46 Doctors and Counting: Why Can’t Anyone Figure Out My Disease?

February 17, 2016

By Chelsea Freund

I first became sick in July 2010 at age 36 while living in Phoenix, Arizona. I was suddenly struck by intense vertigo and fatigue. Within a few weeks, my face developed partial paralysis across the forehead and left eye, ptosis in both eyelids, slurred speech, toes pointing inward when walking, and tremors in my neck that forced me to constantly nod “yes.” I have autoimmune conditions including Hashimoto’s thyroiditis and alopecia universalis, so I have always thought that this was another manifestation of an autoimmune condition.

It took me until May of 2011 to find a doctor who would work on me and possibly provide a solution. A neurosurgeon with Barrow Neurological in Phoenix decided I was a good shunt candidate because after performing two lumbar punctures in four days, my symptoms cleared for 12 hours each time. My first shunt surgery was in July 2011. However, within 46 months I had a total of ten surgeries: 6 LP shunts, 2 cisternoperitoneal shunts and 2 VP shunts were all clogged or broken down by my body, some within weeks of being implanted. I was growing scar tissue in four weeks that was normally seen in patients after 20 years. My neurosurgeon decided to stop operating on me because shunts no longer seemed like a viable option. He also determined that he would not actually be able to diagnose my disease, and that I should pursue answers from other specialties.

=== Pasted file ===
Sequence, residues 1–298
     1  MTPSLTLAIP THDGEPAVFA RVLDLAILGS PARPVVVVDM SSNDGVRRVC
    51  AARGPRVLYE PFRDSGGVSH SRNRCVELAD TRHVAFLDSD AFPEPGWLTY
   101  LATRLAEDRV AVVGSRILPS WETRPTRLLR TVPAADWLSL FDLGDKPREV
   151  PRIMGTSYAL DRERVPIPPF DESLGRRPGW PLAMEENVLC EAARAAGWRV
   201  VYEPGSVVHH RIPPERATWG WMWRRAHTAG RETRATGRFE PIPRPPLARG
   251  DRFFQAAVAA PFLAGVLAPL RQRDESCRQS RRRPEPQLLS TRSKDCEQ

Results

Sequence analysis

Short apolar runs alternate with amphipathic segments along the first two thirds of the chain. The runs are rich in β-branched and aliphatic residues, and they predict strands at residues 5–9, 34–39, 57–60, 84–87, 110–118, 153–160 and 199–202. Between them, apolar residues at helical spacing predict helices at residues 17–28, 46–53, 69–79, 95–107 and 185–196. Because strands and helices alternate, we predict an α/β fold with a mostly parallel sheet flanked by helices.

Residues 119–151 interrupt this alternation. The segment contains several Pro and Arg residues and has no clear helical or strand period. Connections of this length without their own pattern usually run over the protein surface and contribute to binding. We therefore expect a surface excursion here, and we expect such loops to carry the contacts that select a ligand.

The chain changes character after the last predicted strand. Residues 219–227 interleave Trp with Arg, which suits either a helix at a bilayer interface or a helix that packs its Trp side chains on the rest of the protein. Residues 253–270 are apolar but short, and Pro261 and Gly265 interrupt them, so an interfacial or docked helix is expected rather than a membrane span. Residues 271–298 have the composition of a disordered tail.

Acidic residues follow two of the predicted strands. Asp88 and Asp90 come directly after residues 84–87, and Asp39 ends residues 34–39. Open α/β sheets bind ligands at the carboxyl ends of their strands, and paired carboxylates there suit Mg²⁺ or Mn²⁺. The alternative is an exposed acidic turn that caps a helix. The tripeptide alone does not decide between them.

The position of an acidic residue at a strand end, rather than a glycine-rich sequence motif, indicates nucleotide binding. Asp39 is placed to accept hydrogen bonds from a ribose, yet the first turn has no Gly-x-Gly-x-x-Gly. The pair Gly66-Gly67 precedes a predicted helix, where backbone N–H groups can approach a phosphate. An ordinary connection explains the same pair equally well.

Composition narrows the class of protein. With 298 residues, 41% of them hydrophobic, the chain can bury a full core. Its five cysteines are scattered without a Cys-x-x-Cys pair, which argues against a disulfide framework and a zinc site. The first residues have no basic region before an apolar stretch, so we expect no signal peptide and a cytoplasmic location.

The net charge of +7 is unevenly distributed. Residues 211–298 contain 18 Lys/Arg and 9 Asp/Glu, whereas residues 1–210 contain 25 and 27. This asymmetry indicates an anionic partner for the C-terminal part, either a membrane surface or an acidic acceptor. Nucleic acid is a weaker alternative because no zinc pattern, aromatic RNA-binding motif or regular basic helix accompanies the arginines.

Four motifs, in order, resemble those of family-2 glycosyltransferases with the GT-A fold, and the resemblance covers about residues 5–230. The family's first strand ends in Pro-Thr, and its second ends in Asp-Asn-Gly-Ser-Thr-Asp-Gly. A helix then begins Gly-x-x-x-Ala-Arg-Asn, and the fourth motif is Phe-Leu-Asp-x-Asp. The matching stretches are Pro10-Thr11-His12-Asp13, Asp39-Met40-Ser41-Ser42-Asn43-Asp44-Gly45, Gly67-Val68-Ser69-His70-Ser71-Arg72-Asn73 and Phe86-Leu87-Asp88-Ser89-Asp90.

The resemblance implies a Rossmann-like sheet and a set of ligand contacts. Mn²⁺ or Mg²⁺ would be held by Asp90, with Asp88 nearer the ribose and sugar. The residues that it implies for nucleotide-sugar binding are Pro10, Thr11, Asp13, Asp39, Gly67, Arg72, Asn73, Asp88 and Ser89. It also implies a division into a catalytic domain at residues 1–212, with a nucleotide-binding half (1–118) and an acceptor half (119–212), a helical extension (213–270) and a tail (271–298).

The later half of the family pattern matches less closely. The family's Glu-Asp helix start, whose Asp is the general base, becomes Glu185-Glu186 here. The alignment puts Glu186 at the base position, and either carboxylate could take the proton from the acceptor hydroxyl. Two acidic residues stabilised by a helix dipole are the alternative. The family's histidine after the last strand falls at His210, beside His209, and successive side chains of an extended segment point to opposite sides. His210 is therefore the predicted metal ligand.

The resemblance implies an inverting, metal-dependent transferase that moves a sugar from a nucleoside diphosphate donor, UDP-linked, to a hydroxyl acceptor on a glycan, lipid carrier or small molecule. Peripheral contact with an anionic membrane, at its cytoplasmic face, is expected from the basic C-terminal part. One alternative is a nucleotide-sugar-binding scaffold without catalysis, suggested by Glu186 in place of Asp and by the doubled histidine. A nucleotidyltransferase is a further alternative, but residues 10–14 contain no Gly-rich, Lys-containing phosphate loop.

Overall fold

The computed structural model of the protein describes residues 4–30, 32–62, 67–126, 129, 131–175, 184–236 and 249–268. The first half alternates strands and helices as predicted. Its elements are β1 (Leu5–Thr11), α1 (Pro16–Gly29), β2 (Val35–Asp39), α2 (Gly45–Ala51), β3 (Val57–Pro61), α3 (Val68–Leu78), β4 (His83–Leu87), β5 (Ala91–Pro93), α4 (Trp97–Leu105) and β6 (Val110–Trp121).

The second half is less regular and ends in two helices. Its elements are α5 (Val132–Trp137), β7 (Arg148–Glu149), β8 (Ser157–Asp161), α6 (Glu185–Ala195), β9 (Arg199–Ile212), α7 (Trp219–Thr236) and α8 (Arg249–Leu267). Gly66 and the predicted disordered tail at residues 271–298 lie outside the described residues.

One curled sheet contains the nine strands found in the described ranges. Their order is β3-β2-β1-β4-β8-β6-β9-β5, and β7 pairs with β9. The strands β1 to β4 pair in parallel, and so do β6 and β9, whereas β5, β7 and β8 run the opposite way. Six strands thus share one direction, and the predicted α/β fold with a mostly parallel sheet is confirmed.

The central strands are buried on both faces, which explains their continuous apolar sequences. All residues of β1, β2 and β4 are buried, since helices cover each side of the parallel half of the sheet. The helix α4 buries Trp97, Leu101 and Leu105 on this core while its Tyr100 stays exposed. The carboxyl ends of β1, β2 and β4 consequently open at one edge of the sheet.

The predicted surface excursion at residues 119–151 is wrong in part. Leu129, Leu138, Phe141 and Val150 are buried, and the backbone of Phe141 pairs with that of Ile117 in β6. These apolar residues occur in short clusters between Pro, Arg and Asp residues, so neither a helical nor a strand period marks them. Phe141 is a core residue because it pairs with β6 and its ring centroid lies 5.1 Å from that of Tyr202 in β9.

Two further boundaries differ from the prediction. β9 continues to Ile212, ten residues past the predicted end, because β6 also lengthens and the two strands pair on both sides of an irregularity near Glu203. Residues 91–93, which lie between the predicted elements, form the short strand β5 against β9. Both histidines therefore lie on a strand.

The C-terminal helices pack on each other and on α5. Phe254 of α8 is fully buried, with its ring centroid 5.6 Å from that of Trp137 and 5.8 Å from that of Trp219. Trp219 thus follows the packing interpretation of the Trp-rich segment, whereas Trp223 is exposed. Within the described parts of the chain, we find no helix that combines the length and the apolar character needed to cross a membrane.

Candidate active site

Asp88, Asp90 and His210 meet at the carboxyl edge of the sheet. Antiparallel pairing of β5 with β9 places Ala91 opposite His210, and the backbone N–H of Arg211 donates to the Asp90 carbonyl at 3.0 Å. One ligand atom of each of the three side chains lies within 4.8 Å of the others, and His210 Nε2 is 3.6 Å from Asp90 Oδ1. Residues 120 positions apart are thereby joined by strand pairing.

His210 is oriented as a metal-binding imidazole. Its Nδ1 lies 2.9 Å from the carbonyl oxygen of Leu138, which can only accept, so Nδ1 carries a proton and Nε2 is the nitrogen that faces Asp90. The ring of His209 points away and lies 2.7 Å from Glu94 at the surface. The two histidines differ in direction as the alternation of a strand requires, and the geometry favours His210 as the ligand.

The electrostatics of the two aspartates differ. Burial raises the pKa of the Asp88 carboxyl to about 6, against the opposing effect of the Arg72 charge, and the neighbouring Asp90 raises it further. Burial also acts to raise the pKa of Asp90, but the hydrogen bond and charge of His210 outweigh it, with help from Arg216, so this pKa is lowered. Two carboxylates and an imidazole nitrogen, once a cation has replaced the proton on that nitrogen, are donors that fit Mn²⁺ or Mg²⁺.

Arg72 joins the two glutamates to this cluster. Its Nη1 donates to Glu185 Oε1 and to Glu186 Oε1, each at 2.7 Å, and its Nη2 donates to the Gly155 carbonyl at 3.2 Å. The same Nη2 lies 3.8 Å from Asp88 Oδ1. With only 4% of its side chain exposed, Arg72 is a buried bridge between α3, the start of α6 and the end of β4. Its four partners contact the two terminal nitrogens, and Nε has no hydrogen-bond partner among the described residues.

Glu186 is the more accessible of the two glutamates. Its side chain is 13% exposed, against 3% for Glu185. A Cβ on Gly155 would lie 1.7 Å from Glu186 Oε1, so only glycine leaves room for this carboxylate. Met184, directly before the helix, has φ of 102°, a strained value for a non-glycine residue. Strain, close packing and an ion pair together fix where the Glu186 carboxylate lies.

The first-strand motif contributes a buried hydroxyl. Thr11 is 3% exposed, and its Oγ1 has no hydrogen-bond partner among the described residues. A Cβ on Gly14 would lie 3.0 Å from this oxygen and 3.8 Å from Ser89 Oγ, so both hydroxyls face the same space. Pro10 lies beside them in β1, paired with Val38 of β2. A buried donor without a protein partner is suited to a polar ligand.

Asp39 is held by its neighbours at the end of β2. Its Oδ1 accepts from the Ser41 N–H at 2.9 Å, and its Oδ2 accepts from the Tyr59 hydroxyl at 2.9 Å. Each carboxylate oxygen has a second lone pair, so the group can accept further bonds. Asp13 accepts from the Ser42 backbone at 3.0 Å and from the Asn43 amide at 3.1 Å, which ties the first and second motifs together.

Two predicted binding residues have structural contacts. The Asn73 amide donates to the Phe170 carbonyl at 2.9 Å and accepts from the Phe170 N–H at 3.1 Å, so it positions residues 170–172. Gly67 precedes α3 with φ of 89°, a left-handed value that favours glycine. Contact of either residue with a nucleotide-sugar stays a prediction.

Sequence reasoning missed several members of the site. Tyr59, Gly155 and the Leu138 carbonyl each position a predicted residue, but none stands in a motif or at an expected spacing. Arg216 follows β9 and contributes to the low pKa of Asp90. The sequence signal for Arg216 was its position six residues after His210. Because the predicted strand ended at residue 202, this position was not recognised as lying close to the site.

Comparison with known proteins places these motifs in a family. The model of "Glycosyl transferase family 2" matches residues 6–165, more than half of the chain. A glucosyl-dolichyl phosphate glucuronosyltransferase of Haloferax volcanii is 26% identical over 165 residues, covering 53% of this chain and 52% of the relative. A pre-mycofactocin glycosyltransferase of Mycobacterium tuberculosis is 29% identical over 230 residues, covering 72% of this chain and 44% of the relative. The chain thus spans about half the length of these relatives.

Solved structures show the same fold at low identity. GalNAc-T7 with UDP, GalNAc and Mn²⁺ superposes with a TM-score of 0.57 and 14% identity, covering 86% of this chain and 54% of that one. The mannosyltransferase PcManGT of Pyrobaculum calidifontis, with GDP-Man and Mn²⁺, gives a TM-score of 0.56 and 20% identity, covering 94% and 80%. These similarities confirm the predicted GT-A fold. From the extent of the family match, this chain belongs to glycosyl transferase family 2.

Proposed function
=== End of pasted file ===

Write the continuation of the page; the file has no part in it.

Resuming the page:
I moved back to my home state of Minnesota hoping that I could be seen at the Mayo Clinic in Rochester. Unfortunately, they have turned my case down a total of five times, saying I’m “too rare to diagnose or treat,” so I can’t even walk through the door. My case has been taken up by the University of Minnesota physicians, who I hope will provide connections with research and resources. From July 2010 until today, I have seen a total of 46 doctors in 8 specialties in both Arizona and Minnesota. Most have told me they can’t help me and not to return. Not having a diagnosis is not only dehumanizing, it’s making my case for disability that much harder – and my money is dwindling to nothing. Every day I spend my time laying flat on my bed because then the CSF can’t pool and press on my brain stem and the nerves leading to my face. Now the only places that give me hope I’ve contacted online via Twitter. I have nothing better to do besides rest and try to make connections with people and organizations I think can possibly help me.

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